IBM has launched what it calls its new Smarter Computing Workload Simulator, an online tool that is designed to provide chief information officers a way to view areas of potential savings and efficiency.
The tool is part of IBM's Smarter Computing strategy, intended as a way to help organizations realize greater efficiencies, improved reliability, and better performance at lower costs. The strategy centers around three fundamental aspects: leveraging analytics to exploit vast amounts of data for business goals; utilizing optimized systems that are designed for specific tasks; and managing as much of the IT as possible with cloud-computing technologies.
"Smarter Computing is an approach to IT, but it's based on the wide breadth of advanced systems and software that IBM offers and continues to develop," says John Collins, vice president of marketing and strategic systems initiatives in IBM's Systems and Technology group. "The simulator zeros in on one aspect of the approach - optimized systems - to give CIOs a quick, approximation of how much they could be saving by consolidating their infrastructure with IBM systems."
The simulator starts by asking the visitor to select either IBM Power Systems or IBM System z to compare to their own IT infrastructure. It then asks for the type of industry they're in, the type of workload to be compared, and the number and types of systems to compare - including those based on Intel Itanium, Intel x86, and/or Sun SPARC. As the systems are identified, graphical images of servers begin to populate a simulated data center floor. When the visitor finishes and hits the "Next" button, an alternative data center floor immediately pops up and populates with IBM systems and a breakdown of estimated costs and savings.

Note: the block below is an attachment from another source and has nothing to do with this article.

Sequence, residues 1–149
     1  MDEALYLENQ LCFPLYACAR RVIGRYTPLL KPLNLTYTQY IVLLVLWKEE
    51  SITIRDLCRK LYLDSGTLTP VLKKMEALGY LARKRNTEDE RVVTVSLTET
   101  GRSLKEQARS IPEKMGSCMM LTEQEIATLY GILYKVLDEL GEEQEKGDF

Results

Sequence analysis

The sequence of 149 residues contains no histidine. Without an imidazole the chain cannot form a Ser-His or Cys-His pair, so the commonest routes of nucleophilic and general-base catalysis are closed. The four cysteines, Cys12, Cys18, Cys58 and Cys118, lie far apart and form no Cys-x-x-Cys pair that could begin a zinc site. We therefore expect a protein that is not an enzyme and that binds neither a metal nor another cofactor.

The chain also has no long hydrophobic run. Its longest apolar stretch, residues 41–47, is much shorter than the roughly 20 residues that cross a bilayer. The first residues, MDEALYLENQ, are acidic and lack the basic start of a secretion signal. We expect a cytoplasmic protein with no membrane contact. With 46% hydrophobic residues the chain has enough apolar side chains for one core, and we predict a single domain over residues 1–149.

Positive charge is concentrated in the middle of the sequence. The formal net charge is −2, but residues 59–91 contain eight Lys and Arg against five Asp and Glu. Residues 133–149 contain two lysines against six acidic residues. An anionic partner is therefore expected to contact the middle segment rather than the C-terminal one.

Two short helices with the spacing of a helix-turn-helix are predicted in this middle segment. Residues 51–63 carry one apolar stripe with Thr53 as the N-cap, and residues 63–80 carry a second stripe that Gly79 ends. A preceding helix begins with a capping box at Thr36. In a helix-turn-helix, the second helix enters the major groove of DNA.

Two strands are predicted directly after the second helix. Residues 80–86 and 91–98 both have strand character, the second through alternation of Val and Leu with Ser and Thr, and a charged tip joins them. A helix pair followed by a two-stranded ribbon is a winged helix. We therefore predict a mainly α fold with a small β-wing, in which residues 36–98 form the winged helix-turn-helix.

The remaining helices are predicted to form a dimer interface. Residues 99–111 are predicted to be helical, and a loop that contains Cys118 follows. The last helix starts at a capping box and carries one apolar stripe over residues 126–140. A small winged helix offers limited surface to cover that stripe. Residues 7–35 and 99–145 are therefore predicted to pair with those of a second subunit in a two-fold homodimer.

Visitors can drill down for charts and analysis on operating and strategic costs of their infrastructures, and the potential costs and savings of the IBM alternative. For even greater analysis, visitors can click on the IBM System Consolidation and Evaluation Tool at the end of the simulation that provides a more comprehensive and detailed comparison.
"The simulator is designed to be that foot-in-the-door for people who may have heard about IBM Smarter Computing, but were wondering how to make it work for them," Collins said. "This tool makes it more of a reality for people."
IBM will expand the tool, which went live in mid-October, to include support for System x in the first half of 2012.
Click here to try the simulator.